These letters must be carefully worded to ensure that the statutory rights and benefits applicable to each class of workers are covered. You also want to be careful not to term a person who is actually an employee; a contract staff and vice- versa due to the statutorily required pension contribution scheme by an employer on behalf of its employees.


  1. Intellectual Property (IP) & Invention Assignment Agreement

This is an agreement through which an individual assigns rights in an intellectual property to another. The means of doing this is through an IP Assignment Agreement. It should be one of the first documents entered into by founders once they incorporate an entity or for others you engage to work with your business.

Whilst the IP Assignment Agreement usually addresses the assignment of pre-incorporation IP rights to the company, an Invention Assignment Agreement assigns the rights that may arise during the lifetime of the business, it is usually drafted in a “futuristic” manner such that it assigns to the company, rights that may arise whilst executing tasks in the ordinary course of business.


  1. Terms of Service

You know that long epistle you typically skip reading and just check the “I Accept” box? You also should have one, especially if you run a business where you collect information from people, which around these parts is often the case as there is almost always an e-commerce or registration angle to most internet/tech start-ups.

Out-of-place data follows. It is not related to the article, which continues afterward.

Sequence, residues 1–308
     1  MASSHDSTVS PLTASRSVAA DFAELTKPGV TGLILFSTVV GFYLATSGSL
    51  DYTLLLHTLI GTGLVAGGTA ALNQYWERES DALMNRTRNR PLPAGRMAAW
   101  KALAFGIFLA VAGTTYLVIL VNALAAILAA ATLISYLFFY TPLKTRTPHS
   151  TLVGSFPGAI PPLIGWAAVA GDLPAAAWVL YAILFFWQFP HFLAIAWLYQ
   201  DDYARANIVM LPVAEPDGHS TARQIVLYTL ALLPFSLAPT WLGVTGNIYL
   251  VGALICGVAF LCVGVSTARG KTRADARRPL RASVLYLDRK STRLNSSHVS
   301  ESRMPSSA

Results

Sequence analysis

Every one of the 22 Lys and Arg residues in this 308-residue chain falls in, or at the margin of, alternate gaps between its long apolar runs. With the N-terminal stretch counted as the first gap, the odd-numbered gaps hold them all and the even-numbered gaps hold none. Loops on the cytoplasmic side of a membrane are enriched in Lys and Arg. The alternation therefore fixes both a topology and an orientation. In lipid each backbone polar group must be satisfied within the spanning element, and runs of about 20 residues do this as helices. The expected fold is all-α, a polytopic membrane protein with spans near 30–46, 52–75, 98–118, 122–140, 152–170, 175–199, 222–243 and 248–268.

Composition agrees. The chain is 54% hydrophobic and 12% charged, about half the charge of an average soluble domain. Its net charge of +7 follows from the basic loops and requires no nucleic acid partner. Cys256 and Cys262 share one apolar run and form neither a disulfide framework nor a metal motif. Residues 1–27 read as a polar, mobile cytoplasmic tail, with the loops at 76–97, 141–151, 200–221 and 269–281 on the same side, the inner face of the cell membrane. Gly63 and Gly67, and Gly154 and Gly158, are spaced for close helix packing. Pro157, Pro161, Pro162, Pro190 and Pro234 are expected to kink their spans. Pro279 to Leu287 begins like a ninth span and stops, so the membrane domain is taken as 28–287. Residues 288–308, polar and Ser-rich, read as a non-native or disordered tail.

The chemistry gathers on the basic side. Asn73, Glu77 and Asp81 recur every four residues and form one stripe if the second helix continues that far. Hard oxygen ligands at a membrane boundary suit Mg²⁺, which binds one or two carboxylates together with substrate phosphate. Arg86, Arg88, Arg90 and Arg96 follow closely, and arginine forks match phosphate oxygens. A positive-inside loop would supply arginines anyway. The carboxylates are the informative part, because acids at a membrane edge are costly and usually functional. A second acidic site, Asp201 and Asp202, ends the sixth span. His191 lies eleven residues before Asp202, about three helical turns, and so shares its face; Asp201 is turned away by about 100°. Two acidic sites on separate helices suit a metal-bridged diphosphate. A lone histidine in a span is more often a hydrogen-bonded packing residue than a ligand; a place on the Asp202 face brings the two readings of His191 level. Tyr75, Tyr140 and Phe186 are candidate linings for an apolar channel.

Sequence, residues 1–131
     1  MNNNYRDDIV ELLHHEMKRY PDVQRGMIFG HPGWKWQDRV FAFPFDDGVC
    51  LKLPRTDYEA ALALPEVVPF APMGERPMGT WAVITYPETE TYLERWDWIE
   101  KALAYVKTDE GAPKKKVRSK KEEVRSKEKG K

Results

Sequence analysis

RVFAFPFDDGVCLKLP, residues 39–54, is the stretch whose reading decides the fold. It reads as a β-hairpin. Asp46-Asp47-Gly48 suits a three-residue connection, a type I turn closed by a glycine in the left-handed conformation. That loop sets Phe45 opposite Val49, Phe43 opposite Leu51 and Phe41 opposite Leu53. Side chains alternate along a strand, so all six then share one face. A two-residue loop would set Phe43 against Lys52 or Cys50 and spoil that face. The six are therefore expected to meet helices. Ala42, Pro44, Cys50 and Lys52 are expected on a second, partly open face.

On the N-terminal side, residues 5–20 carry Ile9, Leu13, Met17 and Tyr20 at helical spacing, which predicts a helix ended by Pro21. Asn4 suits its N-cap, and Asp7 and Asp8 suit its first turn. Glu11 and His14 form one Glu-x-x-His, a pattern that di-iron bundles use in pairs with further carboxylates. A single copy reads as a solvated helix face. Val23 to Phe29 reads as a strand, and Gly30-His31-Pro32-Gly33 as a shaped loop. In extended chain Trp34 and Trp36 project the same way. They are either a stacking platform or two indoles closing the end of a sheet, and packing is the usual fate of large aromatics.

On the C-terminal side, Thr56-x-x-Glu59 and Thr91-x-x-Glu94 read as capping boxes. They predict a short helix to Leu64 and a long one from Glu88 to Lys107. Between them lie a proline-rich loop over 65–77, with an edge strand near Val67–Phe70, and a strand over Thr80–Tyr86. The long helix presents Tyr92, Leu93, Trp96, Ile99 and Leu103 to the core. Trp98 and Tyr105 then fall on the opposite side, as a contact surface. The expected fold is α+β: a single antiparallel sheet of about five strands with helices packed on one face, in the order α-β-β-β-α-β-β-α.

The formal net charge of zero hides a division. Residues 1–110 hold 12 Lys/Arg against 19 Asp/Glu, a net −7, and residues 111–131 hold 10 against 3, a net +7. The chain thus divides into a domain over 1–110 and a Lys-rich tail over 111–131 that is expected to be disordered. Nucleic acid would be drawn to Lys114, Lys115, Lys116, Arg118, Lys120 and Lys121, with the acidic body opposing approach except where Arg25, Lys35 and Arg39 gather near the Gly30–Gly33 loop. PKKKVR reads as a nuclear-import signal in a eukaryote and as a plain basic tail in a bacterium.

See Also
Digital Law: Data Protection in Nigeria- The Spark

Copying without customising your Terms of Service to comply with Nigerian laws and regulations renders many of the clauses unenforceable and untenable in a Nigerian court against a user.


  1. Privacy Policy

How do you assure and reassure your website users it is okay to provide you with information? A privacy policy is how you do so.

A privacy policy is how you detail your business’ views and procedures on the information you receive from your users. The privacy policy technically is a legal document but it should be easy to understand. You need to put in great effort to craft a clear and accurate document that your team and customers can understand.


  1. Vendor’s Agreement

Having a vendor agreement in place with vendors and service providers is important because it helps set the expectations between the parties when it comes to, among other things, the type and quality of services provided, duration of services,cost and payment terms, liability considerations and dispute resolution terms if things don’t go as planned.

This list is by no means exhaustive. There are several other documents a business should have, some of which may be peculiar to your business or industry. However the documents listed above are a must-have to get your bases covered.

Need legal advice? Send in your questions.

DIYlaw is a platform that empowers African entrepreneurs by creating access to simplified legal services and information. All of which is done transparently and at affordable prices.

Editor’s note: This article was originally published in the Spark Magazine. Find the magazine here to read more article.